Pushing the Skin Envelope: Split Thickness Skin Grafting the High Risk Diabetic Foot

Chronic wounds affect several million people per year in the USA alone. In fact, care for these patients is greater than the five most costly cancers. Safe, effective therapies for these patients, therefore, takes on even more urgency.

Surgeon scientists from the University of Arizona College of Medicine, in the first of its kind study evaluated reconstructions involving the sole of the foot, yielding surprising results. “Traditional wisdom and teaching has suggested that one should not put a skin graft on the sole of the foot”, noted David G. Armstrong, Professor of Surgery and Director of the Southern Arizona Limb Salvage Alliance (SALSA) at the University of Arizona, the senior author on the study “The results of this study seem to suggest that, with some degree of common sense, this can actually be an effective treatment.”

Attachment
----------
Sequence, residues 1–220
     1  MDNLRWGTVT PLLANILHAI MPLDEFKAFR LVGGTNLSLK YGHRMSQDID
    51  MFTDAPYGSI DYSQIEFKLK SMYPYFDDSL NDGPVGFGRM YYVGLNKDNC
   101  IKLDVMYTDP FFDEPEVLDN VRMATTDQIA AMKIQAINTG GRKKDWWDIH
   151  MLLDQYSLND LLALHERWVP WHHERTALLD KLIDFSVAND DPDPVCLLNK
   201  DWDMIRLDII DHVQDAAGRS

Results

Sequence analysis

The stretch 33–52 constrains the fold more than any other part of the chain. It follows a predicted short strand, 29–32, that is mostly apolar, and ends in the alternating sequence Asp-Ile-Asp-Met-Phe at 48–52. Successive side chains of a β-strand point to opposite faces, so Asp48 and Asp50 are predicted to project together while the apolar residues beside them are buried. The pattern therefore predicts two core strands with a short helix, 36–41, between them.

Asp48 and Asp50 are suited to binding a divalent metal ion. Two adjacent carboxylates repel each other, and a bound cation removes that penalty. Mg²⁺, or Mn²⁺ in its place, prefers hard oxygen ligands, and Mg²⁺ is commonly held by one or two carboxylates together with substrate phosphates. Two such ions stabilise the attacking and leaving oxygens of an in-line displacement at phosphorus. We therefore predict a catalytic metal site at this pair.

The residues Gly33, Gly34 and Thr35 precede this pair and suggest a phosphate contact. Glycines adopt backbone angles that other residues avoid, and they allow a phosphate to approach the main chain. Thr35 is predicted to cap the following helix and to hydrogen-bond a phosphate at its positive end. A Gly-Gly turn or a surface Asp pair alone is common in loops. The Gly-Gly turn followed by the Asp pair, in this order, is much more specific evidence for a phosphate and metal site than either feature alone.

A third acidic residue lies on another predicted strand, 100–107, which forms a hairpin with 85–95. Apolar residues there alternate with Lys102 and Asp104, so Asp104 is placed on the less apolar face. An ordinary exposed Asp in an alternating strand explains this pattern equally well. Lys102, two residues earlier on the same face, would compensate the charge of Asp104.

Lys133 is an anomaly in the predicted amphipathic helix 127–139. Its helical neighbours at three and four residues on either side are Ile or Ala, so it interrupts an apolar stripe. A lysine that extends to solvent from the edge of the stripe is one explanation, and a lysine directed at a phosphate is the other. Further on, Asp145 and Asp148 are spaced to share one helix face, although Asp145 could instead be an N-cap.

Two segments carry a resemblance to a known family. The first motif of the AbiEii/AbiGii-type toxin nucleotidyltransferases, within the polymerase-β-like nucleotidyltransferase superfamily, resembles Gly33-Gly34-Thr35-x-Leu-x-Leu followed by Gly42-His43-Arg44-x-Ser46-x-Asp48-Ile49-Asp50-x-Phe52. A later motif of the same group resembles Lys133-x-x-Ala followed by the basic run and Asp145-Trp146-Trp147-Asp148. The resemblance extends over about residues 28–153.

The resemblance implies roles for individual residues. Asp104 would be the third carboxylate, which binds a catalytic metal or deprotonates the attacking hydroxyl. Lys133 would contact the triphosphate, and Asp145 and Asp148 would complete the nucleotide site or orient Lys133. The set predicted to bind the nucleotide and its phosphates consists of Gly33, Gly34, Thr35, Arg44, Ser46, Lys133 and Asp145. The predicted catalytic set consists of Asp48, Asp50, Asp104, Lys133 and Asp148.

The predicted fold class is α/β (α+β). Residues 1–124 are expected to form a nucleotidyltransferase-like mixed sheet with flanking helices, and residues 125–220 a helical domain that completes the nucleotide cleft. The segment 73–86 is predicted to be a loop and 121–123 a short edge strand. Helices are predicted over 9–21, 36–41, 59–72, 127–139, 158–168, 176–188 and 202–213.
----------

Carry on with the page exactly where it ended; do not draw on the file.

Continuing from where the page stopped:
The researchers, who credit other investigators for bringing the issue to the fore. “We credit the team from the University of Texas Health Science Center in San Antonio for recently comparing people with and without diabetes. The current study builds on those findings. We’re really quite excited, because we think we have a well-established treatment that can lead to more rapid healing for larger, more complex wounds in a wide variety of people to help prevent the one amputation occurring ever 20 seconds throughout the world.”
The study was published this week online in the Journal of Vascular Surgery.
Split thickness skin graft closing limb-threatening wound in a person with previous diabetic gangrene

David G. Armstrong

Dedicated to amputation prevention, wound healing, diabetic foot, biotechnology and the intersection between medical devices and consumer electronics.

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